Having told friends, family and colleagues that I dislike winter, I’ve received endless advice on how to turn my chilly frown upside down. My dear friend Myriam even provided a list of reasons to like winter. So I’m going to try again to change my attitude, and to chart my progress I’m going to keep a snow diary. All I need is some snow.
Snow Day 1: Snow Me Down!
Fortunately for me, this year set a record for latest first snowfall of the winter (Nov 6) in Edmonton, the “gateway to the north,” although that name is as much for historical reasons as its northerly location. The first snowfall is ugly—no fluffy snowflakes drifting down to blanket the earth. More like little streaks of misery blowing sideways, stinging the face of anyone who goes outside and making the roads icy. Clearly, I will need a different sort of snow to change my attitude. They say the Inuit have many words for snow. Well, I generally have a few too, though they’re not fit for public consumption.
Snow Day 5: Picture Perfect?
This is more like it! Big flakes floating down like feathers, making our acreage postcard-pretty. I enjoy it from indoors, sitting by the fireplace with a mug of hot chocolate, looking out the window, my thoughts drifting to what this area must have looked like to the first settlers as they sheltered in soddies and used buffalo chips for fires. That sounds hard, no fun at all, and not the way to appreciate winter. I focus on the rolling hills and trees wearing their new white winter coat, the pristine canvas that is our yard. Oh, there’s the neighbours’ big dog running loose. She’s making tracks all over the pristine white. Now what is she doing…no, stop!! Ew. I bet the neighbours won’t come over and pick that up.
Snow Day 7: Woman vs. Snow Blower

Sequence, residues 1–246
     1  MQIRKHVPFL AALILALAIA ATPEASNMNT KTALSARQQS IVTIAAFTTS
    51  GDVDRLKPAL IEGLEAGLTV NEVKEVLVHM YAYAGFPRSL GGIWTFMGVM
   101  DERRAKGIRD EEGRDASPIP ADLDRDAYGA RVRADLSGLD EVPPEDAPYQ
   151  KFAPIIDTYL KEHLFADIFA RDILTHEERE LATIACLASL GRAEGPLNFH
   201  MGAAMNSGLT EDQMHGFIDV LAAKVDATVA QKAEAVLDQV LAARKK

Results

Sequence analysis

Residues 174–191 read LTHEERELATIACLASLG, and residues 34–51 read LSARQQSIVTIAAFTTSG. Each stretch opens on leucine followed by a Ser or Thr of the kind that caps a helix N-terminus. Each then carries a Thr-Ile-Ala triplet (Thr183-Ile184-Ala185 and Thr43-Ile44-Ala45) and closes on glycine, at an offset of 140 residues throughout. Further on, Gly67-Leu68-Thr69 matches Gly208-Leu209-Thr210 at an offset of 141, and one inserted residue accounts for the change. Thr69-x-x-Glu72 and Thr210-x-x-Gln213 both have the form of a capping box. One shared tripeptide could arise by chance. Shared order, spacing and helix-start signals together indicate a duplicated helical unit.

Snow, snow everywhere! The front steps are a pile of giant marshmallows. Clearing snow will be good exercise, something I get too little of during my winter hibernation. So I bundle up in snow pants, parka, mukluks, tuque, mitts, and head out, insisting to my husband that I can manage the snow blower. I’ve watched him a hundred times and have read the manual. I push and haul the snow blower out of the garage—it’s heavier than I realized—pump the primer twice, per the instructions, grasp the cord and pull. It only comes out part way. I yank again, extending my arm fully. Nothing. Try twice more. My shoulder hurts but the wretched thing won’t start. Prime it again, take a firmer stance, sweating, and try again. Nothing. And I’ve probably flooded it. While I’m pacing and giving the machine dirty looks, my husband comes out. He looks bemused. “Having trouble?” Hardee har har. He steps up to the machine, yanks the cord once, and the beast roars to life. “Have fun” he says as he drives away. He thinks I’ll give up and go inside, which normally I would but I’m determined to conquer both the snow blower and my loathing of winter. Push the machine out to the driveway, adjust the blower thingy, away we go. Easy peasy. We go downhill for 60 feet and uphill for 60 feet before levelling out for the final 40. That’s 160 feet of driveway to clear, if you’re counting. But the snow blower isn’t self-propelled and when I reach the end of the driveway it doesn’t corner very well. I look back at the path I’ve cleared—it’s not very wide for all the effort. Let’s see—it cut a path 18 inches wide, the driveway is 12 feet wide, that’s….well, a lot of walking back and forth. But I persevere. Finally, two hours later, it’s done. I’m out of breath, sweaty, and have no feeling in my hands, but it’s done. I stow the snow blower and go inside, pausing at a window to survey my handiwork—not bad! After showering I go back to the window to take another look—it’s snowing again and the driveway is white. I close the blinds.